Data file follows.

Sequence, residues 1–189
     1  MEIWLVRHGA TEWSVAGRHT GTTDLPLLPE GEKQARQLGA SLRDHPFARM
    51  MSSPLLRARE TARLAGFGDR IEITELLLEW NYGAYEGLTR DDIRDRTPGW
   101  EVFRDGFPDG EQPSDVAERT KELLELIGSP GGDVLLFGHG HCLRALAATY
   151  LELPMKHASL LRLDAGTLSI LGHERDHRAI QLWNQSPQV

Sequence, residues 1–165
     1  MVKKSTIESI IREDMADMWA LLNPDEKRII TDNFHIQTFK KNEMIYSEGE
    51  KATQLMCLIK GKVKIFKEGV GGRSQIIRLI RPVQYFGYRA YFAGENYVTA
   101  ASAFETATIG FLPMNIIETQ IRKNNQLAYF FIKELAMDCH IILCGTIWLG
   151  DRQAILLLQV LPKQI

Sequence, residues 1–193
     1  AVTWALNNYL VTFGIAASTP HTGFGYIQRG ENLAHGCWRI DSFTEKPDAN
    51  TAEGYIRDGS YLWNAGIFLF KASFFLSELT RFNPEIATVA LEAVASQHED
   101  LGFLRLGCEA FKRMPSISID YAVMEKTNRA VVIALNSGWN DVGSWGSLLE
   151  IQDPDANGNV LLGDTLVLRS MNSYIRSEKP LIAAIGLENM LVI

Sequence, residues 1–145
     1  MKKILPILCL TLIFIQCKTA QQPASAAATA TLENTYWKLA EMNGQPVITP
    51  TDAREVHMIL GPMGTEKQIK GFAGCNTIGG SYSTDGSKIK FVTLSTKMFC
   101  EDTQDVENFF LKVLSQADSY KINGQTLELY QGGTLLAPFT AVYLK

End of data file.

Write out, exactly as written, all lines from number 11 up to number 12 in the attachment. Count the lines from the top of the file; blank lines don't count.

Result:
Sequence, residues 1–193
     1  AVTWALNNYL VTFGIAASTP HTGFGYIQRG ENLAHGCWRI DSFTEKPDAN